Warning: Wine Nudity Ahead
I recall the day when I thanked God for the inherent prudishness of the Federal Government. It was that prudishness that delivered to me one of my favorite experiences as a wine publicist. Alas, it seems these days the Feds don’t have time to protect the sensibilities of wine drinkers from "offensive" images on wine labels.
It must have been around 1991 when working at a PR agency, I was assigned to work on the Clos Pegase account. It was a great appointment. Clos Pegase was, and still is, headed by Jan Shrem, a man whose inclinations, and means, led him to collect fine art. Some of that art made it on to his reserve "Hommage" wine labels. The 1988 Hommage held an image from Jean Dubuffet entitled "nu chamarre" or "Bedecked Nude". The semi abstract painting of a man showed an equally abstract rendition of the man’s genitals. The Feds would not approve the labels as it was considered by them to be "obscene."
That judgment was, of course, a gift to this publicist as it caused Mr. Shrem to have to "castrate" part of the label to get it approved. What fun it was to promote that story to the media.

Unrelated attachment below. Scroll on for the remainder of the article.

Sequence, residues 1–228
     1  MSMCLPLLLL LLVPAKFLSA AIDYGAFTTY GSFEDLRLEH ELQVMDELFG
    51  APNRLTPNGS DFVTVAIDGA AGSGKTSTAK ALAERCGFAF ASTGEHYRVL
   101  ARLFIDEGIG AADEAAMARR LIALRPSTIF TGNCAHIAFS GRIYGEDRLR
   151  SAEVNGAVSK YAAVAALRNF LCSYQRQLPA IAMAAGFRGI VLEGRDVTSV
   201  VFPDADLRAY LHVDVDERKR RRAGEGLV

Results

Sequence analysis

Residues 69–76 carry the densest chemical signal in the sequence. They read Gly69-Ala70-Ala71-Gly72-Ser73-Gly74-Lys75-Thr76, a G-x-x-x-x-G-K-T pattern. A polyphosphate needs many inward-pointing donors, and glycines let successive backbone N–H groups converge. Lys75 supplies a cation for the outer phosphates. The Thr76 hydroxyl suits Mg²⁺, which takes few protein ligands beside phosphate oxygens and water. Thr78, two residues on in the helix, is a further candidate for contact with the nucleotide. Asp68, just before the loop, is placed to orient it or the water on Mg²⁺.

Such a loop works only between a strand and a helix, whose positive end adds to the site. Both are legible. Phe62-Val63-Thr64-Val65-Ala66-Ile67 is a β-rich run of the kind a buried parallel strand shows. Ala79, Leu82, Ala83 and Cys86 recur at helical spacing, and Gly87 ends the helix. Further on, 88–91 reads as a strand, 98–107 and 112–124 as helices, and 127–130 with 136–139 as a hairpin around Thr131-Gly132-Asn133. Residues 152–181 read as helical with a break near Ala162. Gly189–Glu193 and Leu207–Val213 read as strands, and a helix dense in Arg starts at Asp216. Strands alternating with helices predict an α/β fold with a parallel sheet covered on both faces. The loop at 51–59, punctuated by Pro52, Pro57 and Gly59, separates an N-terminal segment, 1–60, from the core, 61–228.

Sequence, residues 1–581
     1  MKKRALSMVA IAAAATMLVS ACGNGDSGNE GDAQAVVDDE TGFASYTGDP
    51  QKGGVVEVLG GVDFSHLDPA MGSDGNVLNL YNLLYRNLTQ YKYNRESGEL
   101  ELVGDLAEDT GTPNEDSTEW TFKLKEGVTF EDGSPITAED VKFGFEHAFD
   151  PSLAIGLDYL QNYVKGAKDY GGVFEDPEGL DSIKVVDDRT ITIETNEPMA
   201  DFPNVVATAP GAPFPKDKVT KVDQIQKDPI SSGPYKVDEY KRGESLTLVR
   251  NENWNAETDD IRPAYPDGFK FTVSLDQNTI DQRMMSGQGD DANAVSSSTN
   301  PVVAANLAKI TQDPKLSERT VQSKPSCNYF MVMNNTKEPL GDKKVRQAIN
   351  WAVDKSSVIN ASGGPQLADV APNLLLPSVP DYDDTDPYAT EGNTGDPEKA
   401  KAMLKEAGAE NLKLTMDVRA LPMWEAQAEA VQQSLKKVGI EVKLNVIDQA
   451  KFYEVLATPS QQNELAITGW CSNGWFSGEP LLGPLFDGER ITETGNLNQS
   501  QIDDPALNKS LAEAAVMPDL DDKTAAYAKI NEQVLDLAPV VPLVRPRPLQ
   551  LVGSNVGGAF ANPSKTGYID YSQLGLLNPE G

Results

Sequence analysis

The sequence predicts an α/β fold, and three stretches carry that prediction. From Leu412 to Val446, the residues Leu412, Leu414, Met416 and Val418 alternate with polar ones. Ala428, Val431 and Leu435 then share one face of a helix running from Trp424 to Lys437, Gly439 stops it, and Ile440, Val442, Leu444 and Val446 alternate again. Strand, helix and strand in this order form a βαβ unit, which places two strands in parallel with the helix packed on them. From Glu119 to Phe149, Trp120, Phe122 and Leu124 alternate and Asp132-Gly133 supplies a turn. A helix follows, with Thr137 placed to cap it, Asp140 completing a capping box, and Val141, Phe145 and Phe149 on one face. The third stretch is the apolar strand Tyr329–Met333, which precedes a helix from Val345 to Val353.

Which brings me to the sorry state of morals at the TTB (the federal agency that approves wine labels) today.
This last weekend Ginny and I had the occasion to get together with our gang, our crew, our best friends. This group tends to do the same thing when we are together: eat, drink, talk, laugh, drink, eat.
One of my contributions to the table was the 2004 Loimer Spiegel Gruner Veltliner. A very nice wine. Yet, it possesses a label that would never have been approved back in 1991. Oh….how the prudes have fallen!
Everyone got a good laugh out of this label (and the wine was quite nice too). Yet, it occurred to me that if the Feds are going to approve this type of label then there is little chance of using the the protective and Nanny-ish urges of the federal government to gain publicity by crying out "Prude!…Ridiculous!…Artistic Persecution!" That path to gaining attention seems, alas, off the table.
There’s nothing about the Loimer label that is over the top or scandalous. Still, it further occurs to me that when the renowned prudishness of American culture is no longer in evidence, there must be a tendency to go over the top, to be scandalous, in order to get attention. And once that contest starts, well, you get MTV.